A serving policeman operating in the volatile district of north Belfast has said the paltry sentences and easy bail handed out in dissident paramilitary cases are damaging morale in the PSNI.
He contacted the News Letter after one of his colleagues narrowly escaped death in the area on Sunday night after the latest dissident bid to murder an officer.
He lacks “any confidence” in the courts to hand out tough sentences to those involved in bids to kill officers, and said the dissident campaign is “definitely not” being treated as seriouly as it should.
The News Letter is not revealing his identity.
On the subject of the police officer who was shot on Sunday, he said: “We’re expecting this to happen. This is how we work every day.
“Every time we’re standing at a scene or going to something, you’re wondering: is this going to be a set-up? Is one of us going to be attacked?
“That’s how we think. It’s how we have to think.
“We’re expecting something to happen and when it does happen it’s obviously devastating for his colleagues.”
When it comes to how courts deal with people convicted, or suspected, of involvement in violent dissident activity, he said issues of “bail and sentencing just need addressed urgently”.
He pointed to a case in Scotland in 2015, when a string of people were handed lengthy jail terms for planning to kill prominent loyalist thug Johnny Adair.
In that case, the ringleader of the plot, Anton Duffy, 39, was jailed for 17 years, with another three to be spent on licence.
“In Northern Ireland, if you’re a police officer, I do not expect [those who try and kill us] to get anything like that,” the PSNI man said.
“I don’t have any confidence in it being a large sentence.
“The morale in the police is so bad as it is. But it’s because of this.
“You don’t feel you have any protection whatsoever from the courts, because there’s no deterrent.”
The officer then specifically mentioned the case of Conal Corbett.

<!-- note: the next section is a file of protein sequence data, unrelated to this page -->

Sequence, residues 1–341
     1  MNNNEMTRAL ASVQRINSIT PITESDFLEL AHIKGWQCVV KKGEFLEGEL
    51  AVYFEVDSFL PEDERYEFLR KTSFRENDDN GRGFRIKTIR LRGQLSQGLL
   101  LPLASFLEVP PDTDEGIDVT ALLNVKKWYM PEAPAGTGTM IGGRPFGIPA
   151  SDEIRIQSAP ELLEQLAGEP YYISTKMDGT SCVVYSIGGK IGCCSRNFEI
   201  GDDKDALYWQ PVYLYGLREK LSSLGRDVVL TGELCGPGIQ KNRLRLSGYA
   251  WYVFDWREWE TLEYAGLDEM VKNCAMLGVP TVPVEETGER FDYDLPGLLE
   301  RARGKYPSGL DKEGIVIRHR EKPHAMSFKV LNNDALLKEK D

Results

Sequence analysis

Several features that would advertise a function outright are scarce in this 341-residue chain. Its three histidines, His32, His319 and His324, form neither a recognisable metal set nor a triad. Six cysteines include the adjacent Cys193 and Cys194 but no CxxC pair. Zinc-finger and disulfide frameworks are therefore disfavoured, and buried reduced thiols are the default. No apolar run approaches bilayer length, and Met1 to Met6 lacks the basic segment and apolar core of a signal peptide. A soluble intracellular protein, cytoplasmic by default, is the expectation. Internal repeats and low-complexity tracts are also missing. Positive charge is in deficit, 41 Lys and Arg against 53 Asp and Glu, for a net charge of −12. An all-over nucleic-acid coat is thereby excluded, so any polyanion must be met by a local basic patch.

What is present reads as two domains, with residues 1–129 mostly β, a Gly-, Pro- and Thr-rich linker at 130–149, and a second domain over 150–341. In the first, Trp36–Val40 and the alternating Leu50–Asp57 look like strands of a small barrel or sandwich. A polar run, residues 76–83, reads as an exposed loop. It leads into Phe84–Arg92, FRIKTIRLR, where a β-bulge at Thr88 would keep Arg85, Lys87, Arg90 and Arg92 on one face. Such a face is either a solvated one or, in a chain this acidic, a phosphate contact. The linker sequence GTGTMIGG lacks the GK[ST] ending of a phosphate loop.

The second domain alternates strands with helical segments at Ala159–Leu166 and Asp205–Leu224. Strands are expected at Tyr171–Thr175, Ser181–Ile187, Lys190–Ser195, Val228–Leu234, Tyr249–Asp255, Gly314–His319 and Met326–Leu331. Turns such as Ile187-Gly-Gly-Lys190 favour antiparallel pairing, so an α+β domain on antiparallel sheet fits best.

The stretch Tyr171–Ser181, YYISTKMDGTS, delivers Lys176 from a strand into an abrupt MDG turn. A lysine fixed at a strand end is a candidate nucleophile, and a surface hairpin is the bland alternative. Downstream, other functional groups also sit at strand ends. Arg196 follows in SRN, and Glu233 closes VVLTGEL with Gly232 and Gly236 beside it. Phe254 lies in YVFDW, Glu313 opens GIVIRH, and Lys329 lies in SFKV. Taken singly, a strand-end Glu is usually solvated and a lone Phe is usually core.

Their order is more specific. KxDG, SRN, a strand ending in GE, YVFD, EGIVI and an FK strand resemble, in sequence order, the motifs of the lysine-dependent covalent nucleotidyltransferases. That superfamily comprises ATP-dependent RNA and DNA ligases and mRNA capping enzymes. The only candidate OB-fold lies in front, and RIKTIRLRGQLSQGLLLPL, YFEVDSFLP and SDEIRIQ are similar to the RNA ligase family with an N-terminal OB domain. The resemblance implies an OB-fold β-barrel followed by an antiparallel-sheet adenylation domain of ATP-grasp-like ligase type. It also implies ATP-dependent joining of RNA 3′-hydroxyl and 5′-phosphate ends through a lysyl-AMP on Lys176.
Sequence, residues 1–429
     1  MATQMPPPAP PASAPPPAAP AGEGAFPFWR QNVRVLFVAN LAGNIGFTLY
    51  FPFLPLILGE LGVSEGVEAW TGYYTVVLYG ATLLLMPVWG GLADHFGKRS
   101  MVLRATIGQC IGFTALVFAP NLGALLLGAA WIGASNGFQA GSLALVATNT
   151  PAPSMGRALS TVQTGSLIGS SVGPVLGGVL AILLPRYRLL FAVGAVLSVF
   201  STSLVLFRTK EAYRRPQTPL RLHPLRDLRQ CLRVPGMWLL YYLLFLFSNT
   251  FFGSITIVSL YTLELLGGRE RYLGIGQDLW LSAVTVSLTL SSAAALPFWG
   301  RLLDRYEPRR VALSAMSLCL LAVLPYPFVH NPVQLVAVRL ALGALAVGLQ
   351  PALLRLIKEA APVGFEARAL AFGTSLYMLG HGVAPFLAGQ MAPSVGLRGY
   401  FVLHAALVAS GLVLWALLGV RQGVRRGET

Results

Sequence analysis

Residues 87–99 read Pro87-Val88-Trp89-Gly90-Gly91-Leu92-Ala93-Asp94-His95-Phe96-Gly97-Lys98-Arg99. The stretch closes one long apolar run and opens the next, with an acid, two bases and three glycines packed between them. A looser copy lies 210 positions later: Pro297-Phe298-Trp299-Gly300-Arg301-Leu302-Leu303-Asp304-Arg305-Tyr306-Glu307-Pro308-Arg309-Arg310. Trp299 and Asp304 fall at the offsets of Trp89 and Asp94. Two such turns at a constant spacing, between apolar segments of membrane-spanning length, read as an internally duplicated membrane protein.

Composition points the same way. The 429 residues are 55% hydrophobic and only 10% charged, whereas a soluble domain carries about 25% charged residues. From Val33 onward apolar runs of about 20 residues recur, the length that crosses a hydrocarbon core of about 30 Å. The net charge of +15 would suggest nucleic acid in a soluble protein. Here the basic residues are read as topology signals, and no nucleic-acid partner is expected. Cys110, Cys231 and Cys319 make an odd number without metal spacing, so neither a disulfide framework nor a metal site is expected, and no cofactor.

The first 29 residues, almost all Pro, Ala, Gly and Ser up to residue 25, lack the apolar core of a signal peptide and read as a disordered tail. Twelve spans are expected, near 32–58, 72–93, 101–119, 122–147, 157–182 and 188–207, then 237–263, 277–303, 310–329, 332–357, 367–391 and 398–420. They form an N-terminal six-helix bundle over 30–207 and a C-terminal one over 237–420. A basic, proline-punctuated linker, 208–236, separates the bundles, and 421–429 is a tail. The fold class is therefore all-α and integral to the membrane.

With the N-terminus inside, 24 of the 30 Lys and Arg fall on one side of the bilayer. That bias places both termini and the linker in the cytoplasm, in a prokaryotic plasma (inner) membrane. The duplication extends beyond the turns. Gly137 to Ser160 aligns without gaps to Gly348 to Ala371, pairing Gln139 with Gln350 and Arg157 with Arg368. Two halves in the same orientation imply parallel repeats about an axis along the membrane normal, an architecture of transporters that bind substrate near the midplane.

On August 15 last year, Corbett had been set free with a suspended sentence after he pleaded guilty to charges arising from the planting of a sizable radio-controlled bomb on a public street in north Belfast in May 2015, which was apparently intended to kill police.
“We couldn’t believe it – could not believe it,” the officer said of the sentence.
“We were talking about it that morning: ‘He’s going down.’ There wasn’t one person in work that didn’t think he’d be going to jail.”
“It’s not even on par with the mainland,” he said, wondering what would have happened if an ISIS supporter were implcated in a similar terror plot in England.
“If Conal Corbett popped up in London tomorrow and had the same evidence against him, would he get a suspended sentence? It just never, ever would happen.”
In Monday’s edition, the News Letter carried out a detailed examination of exactly which laws Corbett had broken, and what the maximum possible sentence could have been.
The four charges admitted by Corbett under the Terrorism Act 2000 (including having a phone linked to the bomb conspiracy) theoretically carry maximum sentences which, if combined, would amount to 25 years of jail time.
In reality, he got an 18 month sentence, suspended for two years.
“These people are determined to kill us – there is no doubt about it,” said the officer.
“But people just don’t seem to appreciate that.”
Over the past three weeks, the News Letter has kept up a relentless focus on how the whole justice system is treating dissident suspects and convicts, ever since news emerged that Damien McLaughlin had vanished whilst out on bail.
Arrested in late 2012, he was charged with aiding and abetting the murder of David Black (among other things).
He denies the charges.
Despite the severity of his charges, he was bailed in May 2014, and conditions such as a requirement to wear a tag were gradually relaxed.
He was supposed to sign for bail with police five times a week, but vanished in mid-November – with the PSNI failing to act to revoke his bail until after the Christmas / New Year holidays in January.
When it comes to courts granting bail for terror suspects, the officer said: “Judges are tied – there has to be a presumption of innocence. But at the same time, where there’s a suspicion somebody has possibly tried to murder [members of the security forces], there’s nothing more extreme than that, and they should not be let onto the streets.”